Writer: Curt Pires
Artist: Jason Copland
Publisher: Dark Horse
We were introduced to the world of literal manufactured pop stars in the last issue of Pop. Elle was one of the lucky ones to escape before she was forced into the limelight for our enjoyment and judgment. While running away from an incubated life she was used to she met a man named Coop. Despite problems he was dealing with his own life, he couldn’t leave her to fend for herself. So he decided to help her out. While she was hiding others were searching for her. Those in charge of her creation were concerned with locating her at all costs. The first issue set the tone for for those to follow. Now we find ourselves faced with two big questions. First, how did she escape the confines of her incubator? Second, why are her creators so adamant about finding her?
Curt Pires continues to hold our attention as he begins to answer these questions and create new ones. His story line is fodder for Illuminati conspiracy theorists. It continues to touch on things they suspect really are happening in the entertainment industry today. This is certainly an intriguing take on those theories if that is Pires intentions. I’m just waiting for him to reveal that the people after Elle are in fact reptilians from another planet using celebrities to brainwash everyone; turn us into mindless zombies so we won’t fight back when they take over the world. It’s a comic, so anything is possible. I’m sure he has other plans for his story of Elle and Coop that will be just as interesting. That being said I wish there was more substance to their story in this issue.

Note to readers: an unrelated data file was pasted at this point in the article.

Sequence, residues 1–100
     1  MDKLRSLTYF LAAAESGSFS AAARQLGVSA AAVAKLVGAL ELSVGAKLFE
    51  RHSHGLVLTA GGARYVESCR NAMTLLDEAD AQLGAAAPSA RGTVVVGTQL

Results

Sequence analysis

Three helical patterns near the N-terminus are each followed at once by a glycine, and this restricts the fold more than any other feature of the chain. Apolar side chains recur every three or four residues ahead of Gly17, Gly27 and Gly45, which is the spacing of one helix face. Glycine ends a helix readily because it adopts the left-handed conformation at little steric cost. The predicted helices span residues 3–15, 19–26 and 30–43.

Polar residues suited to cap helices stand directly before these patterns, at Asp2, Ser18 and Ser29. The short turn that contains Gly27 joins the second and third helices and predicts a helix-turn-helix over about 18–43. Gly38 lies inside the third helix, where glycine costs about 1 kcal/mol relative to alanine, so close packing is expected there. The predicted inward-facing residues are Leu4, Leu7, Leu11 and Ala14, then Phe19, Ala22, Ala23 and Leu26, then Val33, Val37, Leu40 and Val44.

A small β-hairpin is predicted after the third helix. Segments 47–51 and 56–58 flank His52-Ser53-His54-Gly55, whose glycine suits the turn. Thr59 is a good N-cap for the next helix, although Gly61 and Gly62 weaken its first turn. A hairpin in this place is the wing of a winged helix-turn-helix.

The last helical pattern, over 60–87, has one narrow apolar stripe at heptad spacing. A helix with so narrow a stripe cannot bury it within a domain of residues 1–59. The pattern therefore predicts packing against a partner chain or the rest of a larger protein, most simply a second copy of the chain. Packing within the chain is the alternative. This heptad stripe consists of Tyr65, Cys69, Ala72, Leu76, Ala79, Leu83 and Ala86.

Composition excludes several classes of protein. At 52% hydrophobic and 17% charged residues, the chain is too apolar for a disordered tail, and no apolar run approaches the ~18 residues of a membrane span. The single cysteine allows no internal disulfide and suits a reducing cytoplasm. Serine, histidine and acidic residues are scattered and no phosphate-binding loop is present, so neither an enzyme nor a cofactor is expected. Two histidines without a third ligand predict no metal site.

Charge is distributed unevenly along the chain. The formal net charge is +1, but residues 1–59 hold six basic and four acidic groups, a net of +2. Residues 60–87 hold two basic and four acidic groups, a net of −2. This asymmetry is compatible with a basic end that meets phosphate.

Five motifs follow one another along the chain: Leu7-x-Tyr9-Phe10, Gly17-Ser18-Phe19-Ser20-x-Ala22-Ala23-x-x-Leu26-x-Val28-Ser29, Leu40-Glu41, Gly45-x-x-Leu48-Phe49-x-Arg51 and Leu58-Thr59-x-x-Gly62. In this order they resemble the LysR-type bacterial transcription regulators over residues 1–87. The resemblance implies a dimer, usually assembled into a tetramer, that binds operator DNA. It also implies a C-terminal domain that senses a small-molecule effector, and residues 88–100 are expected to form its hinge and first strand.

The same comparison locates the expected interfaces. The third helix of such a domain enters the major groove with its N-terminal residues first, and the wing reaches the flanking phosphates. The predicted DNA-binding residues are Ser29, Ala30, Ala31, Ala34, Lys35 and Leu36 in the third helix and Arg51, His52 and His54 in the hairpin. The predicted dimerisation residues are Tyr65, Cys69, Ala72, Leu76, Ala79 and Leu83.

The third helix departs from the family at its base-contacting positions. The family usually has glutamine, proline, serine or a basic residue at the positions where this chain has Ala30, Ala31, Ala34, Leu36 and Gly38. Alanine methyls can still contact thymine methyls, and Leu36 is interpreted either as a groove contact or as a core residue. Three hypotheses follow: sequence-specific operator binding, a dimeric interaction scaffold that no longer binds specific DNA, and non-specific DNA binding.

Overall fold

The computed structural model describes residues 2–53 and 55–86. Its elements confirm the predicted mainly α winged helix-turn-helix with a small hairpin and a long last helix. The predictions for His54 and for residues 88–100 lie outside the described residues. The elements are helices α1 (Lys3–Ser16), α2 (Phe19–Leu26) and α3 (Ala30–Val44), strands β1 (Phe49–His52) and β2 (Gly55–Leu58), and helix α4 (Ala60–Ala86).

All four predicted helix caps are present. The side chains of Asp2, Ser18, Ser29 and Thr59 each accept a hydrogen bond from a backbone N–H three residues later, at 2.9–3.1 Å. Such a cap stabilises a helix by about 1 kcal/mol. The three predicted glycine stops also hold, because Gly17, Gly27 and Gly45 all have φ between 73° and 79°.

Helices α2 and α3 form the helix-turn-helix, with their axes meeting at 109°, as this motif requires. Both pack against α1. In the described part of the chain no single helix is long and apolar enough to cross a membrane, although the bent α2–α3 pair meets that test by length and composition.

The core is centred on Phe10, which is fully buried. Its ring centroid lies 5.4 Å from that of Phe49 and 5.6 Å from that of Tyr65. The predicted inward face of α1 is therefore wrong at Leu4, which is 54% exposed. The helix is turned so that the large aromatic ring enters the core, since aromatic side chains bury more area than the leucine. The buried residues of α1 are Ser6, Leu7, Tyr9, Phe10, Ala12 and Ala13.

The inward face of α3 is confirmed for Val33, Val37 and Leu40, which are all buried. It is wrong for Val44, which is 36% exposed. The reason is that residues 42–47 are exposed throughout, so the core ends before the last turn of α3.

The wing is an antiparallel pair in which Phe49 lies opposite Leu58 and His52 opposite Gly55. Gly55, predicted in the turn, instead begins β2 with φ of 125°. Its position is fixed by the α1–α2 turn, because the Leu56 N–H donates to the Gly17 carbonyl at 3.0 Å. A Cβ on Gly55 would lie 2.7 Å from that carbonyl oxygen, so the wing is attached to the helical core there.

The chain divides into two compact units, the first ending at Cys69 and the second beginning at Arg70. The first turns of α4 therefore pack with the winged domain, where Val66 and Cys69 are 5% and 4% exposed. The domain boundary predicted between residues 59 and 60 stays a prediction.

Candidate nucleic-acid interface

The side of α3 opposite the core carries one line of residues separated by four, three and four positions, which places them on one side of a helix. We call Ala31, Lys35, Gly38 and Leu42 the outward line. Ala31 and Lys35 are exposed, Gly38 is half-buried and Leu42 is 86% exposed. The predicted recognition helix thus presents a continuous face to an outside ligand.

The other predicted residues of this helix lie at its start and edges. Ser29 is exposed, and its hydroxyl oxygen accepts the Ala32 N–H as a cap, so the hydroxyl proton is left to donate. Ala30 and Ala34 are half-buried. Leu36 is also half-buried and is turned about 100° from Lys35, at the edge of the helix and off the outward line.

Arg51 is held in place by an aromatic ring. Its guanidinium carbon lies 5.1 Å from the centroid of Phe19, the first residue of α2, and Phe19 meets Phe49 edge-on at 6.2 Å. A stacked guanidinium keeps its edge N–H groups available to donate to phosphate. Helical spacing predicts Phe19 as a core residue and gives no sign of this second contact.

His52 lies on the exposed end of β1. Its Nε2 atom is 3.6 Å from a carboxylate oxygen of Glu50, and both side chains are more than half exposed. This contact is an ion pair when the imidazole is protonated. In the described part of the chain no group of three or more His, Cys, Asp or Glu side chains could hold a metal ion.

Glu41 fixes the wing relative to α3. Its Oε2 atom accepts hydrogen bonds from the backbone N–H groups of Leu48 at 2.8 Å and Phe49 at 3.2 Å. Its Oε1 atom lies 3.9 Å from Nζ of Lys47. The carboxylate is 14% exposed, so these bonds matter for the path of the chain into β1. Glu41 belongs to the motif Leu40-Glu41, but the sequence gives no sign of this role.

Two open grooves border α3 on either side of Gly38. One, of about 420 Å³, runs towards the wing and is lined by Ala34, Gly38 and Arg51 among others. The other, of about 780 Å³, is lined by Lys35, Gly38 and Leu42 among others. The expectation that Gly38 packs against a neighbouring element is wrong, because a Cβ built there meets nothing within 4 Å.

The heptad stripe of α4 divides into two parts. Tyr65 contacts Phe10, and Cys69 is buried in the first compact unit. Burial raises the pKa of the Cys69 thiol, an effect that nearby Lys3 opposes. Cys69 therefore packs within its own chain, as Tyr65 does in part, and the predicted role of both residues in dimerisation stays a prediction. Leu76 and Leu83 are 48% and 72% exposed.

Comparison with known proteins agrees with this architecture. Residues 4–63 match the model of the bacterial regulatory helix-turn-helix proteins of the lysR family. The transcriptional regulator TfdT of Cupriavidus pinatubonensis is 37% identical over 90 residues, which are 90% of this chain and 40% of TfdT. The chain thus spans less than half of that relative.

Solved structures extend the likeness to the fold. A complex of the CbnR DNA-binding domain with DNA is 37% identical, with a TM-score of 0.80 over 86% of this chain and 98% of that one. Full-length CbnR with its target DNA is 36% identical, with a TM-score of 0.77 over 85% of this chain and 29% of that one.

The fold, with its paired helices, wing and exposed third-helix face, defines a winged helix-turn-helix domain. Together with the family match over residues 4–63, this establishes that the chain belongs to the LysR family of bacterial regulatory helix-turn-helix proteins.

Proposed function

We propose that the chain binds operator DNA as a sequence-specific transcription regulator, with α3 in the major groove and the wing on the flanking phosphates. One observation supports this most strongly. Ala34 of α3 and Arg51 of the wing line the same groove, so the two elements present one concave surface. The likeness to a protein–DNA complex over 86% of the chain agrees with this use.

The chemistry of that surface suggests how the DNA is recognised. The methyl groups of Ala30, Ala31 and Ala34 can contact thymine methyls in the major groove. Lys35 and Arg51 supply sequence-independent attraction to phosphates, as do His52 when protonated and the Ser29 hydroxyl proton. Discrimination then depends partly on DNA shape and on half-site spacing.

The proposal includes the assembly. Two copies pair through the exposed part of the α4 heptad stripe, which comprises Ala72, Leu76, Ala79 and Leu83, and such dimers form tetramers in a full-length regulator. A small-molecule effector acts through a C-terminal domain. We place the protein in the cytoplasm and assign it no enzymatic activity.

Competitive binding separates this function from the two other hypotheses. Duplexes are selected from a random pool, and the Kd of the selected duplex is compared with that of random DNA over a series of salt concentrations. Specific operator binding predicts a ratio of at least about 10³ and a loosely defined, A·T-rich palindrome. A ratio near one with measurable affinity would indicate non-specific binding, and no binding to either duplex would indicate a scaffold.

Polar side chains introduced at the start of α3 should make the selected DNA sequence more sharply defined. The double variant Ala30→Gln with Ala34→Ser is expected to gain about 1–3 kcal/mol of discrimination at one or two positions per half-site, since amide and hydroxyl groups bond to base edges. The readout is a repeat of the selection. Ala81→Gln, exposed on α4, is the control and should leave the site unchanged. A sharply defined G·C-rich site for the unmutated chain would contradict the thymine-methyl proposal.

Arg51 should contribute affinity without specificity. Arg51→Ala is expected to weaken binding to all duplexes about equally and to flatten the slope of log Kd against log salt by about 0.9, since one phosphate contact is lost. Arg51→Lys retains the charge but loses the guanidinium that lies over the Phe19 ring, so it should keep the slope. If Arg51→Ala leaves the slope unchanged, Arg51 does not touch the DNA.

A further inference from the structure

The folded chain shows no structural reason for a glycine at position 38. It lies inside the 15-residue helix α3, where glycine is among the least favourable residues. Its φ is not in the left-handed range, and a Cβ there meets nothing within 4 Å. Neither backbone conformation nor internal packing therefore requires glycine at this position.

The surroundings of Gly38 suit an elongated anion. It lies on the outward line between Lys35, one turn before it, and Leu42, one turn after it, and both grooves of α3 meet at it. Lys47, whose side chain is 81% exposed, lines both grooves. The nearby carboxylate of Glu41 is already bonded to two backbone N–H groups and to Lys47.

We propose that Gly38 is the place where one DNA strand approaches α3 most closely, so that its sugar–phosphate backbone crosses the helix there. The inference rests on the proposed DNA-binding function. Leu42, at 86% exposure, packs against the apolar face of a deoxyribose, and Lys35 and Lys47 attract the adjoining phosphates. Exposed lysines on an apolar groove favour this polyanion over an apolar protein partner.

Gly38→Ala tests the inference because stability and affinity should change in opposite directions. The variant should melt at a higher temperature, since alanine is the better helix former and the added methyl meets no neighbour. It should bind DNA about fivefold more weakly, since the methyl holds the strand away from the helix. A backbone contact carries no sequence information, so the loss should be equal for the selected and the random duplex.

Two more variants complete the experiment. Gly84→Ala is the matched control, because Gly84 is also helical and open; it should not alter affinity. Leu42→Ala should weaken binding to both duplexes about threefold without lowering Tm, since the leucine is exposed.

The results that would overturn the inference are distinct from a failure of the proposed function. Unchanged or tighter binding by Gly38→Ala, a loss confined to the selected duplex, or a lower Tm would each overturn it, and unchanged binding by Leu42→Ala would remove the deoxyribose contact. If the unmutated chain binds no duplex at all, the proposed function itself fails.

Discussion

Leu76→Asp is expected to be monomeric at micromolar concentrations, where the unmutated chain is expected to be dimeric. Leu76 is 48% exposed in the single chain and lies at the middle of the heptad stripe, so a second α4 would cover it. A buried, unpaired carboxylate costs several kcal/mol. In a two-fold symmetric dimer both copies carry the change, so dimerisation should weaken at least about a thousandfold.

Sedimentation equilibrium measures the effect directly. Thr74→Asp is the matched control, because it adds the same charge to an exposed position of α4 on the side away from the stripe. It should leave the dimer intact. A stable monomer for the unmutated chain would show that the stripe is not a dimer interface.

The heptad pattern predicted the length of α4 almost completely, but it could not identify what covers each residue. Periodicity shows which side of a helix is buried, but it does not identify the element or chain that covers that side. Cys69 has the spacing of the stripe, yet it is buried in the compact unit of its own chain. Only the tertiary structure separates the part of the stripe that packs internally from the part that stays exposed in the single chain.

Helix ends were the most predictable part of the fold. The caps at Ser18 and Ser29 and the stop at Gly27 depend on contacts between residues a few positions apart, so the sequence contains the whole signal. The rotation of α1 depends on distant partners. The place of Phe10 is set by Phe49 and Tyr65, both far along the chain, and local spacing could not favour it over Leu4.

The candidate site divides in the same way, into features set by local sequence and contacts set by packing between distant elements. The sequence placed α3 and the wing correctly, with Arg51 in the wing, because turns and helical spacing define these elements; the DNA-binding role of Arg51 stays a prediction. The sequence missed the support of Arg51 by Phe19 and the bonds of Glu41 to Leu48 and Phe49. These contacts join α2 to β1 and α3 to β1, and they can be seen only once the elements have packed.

The lack of substance was made up for in humor. Pires pokes fun at things like society’s strange obsession with cat videos on YouTube and Starbucks. It’s irrelevant to the actual story, but good for a laugh to break up the seriousness of this issue. Pires even makes references to drug use that’s often associated with Hollywood. You’ll also find that the book is filled with references to real people in the industry whether it be by name, personality, or appearance in the artwork. There’s one character that I can’t help but wonder if Jason Copland fashioned after Joey Ramone? The face and hair are very reminiscent of him. There are a couple things Copland has included in the art that I find myself questioning. One of them is a random panel of people having sex in an office. The other is what appears to be a random wheat field in the middle of California. Every story needs the suspense of being chased through a field though, right?
My favorite thing about Pop is turning out to be the pop culture references thrown into the story. I’ve caught many of them, but I’m sure I’m missing a few. Pop culture and the mimicking and heightening of conspiracy theories may not appeal to everyone. Despite those aspects, Pires has still written a great story about a woman escaping a life of prying eyes and constant pressure. Something no one should be subjected to against their own free will. But I must say, I was caught off guard by that panel featuring a couple having sex. While I have no problems with that in a comic book, it did feel out of place and unnecessary in this particular book.
“POP #2” earns 8/10